Amazon launched on Monday ( Nov 22) a new iPhone App for with advanced price comparison features on-the-go. Is this the straw that broke the camels back? Will window shopping now be the only and main behavior for users shopping in the future? Has the Check-in replaced the Check-out? Consumers look through the merchandise like they would through catalogs, but instead of buying it in that store, they hit the button on Amazon, buy it and have it delivered right to their home by the time you get there. This new change of purchasing behavior has evolved considerably with the growth of Smart Phones. Recently it was published that over 60% of users with Smart Phones will do some kind of product search in-store. Google recently launched its own new shopping product called Boutiques.com, and this wave of new eCommerce sites that incorporate mobile and offers is really exploding.
Recently, I have been seeing a lot of local supermarkets migrating to self-serve check-outs to cut the costs at the cash register and make the flow quicker for people to move through the check-out lanes when congested. It took me about 5 minutes to figure out how to use the automated system at Food Emporium and Home Depot, but once I figured it out, It found it quite convenient. But is it more convenient then just doing a quick product search, buying the product and having it delivered to my home.
Like many of the Retail brands, Food Emporium is doing its best to meet these online challenges with its own Online Shop, and FREE Delivery for sales over $75. They have their own strategy for coupons and they have a great methodology of pick-up vs. delivery for making it convenient for their shoppers, but is it enough?
When I searched on Google for Home Depot and clicked on the link, Google kept me within Google’s index for my first couple of searches and clicks on Home Depot. I thought I was crazy when I was navigating within Home Depot’s site, but the URL string in my search bar was still Google? What does Home Depot thing of this? Google is now doing analysis of the users behavior in the site even after the search that is beyond just the lead. They seem to be pushing the envelop to gathering information that is beneficial for them. Google is trying to build deep information even before you can enter the online site of the Retailer for their own competitive advantage ( see diagram)
Retail brands are going to have to come up with new ways of assuring they not only have the right low price, but also the right “stickiness” in their apps to get users to use them over the Amazon’s of the world. With Google running the search show, even when users go to the Retail Brand via the Web, Google is hanging on as long as possible to gather information on the user, making it potentially even more difficult for even Retail brands to understand holistically that first step.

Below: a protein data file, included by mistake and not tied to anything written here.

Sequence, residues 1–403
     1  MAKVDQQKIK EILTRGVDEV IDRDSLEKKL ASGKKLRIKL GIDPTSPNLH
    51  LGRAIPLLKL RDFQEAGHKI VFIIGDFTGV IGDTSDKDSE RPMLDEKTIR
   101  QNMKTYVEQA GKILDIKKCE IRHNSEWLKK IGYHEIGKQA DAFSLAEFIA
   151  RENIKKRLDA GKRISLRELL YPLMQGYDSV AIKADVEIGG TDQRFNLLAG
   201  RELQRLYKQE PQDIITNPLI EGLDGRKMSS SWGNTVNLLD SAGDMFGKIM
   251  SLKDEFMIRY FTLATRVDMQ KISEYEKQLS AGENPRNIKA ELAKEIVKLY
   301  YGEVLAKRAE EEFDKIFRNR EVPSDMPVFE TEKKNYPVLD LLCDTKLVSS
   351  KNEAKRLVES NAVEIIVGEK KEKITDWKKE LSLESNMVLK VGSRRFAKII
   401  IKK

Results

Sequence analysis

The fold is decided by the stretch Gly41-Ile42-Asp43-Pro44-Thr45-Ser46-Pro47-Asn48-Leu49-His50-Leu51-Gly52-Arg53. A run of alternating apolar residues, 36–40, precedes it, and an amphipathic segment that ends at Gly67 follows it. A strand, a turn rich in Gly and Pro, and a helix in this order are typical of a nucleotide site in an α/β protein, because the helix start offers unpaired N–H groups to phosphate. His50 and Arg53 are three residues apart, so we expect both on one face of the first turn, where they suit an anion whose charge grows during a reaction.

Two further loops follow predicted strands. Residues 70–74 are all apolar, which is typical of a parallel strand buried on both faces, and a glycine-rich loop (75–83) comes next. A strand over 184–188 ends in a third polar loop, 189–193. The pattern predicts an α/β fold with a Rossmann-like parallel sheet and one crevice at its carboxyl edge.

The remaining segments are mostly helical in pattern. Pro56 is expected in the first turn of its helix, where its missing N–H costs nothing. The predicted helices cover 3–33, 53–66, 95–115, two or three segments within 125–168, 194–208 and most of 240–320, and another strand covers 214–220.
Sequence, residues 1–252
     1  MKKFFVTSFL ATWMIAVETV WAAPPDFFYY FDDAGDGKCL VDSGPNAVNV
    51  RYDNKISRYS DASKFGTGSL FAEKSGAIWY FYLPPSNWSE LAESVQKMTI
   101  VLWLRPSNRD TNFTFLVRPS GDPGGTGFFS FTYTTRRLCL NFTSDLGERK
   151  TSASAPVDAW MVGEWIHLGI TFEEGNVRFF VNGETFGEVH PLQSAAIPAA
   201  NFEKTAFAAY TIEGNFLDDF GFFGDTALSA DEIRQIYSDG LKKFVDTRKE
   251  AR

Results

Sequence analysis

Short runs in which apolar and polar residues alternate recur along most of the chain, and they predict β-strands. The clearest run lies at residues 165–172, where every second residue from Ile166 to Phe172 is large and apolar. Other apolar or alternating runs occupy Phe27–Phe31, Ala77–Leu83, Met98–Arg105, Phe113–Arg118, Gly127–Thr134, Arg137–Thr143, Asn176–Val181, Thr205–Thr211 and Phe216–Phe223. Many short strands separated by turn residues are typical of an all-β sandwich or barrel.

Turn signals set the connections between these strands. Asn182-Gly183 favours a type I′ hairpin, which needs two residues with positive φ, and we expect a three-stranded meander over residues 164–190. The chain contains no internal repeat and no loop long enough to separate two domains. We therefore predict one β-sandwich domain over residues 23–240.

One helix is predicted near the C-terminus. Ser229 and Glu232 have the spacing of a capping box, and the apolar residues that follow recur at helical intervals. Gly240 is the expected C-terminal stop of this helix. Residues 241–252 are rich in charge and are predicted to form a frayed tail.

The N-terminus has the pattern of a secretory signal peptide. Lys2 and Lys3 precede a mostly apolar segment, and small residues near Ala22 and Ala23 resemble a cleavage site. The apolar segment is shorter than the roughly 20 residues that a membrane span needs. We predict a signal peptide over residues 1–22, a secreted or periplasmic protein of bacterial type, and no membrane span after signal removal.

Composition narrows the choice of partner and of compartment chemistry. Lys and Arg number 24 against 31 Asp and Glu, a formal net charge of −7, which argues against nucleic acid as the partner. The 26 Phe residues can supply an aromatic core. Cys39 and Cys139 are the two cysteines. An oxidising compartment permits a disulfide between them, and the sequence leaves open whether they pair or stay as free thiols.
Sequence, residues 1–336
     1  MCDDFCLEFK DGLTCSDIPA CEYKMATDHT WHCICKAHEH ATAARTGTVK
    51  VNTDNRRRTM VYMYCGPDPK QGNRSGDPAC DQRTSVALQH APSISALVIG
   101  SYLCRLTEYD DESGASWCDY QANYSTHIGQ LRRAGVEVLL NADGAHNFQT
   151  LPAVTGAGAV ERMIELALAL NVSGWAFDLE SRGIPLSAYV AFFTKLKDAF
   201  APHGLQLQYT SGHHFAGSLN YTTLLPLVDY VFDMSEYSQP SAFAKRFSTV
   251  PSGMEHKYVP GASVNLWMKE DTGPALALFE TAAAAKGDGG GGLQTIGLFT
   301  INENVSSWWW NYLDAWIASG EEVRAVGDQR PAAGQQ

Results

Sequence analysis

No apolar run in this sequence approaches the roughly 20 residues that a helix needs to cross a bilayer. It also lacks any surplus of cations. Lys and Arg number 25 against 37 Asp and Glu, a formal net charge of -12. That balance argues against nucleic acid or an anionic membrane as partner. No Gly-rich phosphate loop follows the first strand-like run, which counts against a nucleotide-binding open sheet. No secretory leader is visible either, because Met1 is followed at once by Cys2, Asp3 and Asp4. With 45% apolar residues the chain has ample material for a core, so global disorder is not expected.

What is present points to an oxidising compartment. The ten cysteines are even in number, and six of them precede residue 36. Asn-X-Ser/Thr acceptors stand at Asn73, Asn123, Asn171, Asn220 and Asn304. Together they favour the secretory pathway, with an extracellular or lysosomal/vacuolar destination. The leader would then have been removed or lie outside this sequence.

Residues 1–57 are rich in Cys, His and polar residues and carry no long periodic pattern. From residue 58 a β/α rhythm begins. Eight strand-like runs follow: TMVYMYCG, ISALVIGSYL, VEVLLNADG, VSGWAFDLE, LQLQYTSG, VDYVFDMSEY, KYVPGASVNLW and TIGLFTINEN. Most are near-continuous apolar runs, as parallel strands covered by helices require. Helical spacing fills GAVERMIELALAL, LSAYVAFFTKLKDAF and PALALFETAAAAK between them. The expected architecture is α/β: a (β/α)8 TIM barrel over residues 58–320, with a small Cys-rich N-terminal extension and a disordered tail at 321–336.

In addition, this new era is one of optimized fufillment where delivery and convenience is potentially the winning card.
2010 seems to be the year of the social promotion. 50% off for this or 90% off for that, if you register for the goods prior is the model that has worked so well for Groupon, but nitche players like Gilt.com, LivingSocial, Yipit and a variety of others are now making it easier for users to find these promotions and coupons related to a location in real-time. This combined with the behavior of social recommendations and purchase history of your “Friends” will add even another unique dimension on the behaviour of online shopping on the go.
Even though Facebook seems to be quite quiet when it comes to eCommerce and one-click to buy shopping, they did have an unique release that better integrates the social graph as part of a sign-on process recently for mobile. Once they also add this one-click to buy and make it easier to find products and services on-the-go, they will become another “Guerilla in the Room” that makes it more and more difficult for the Bricks-and-Mortars” to control that check-out experience.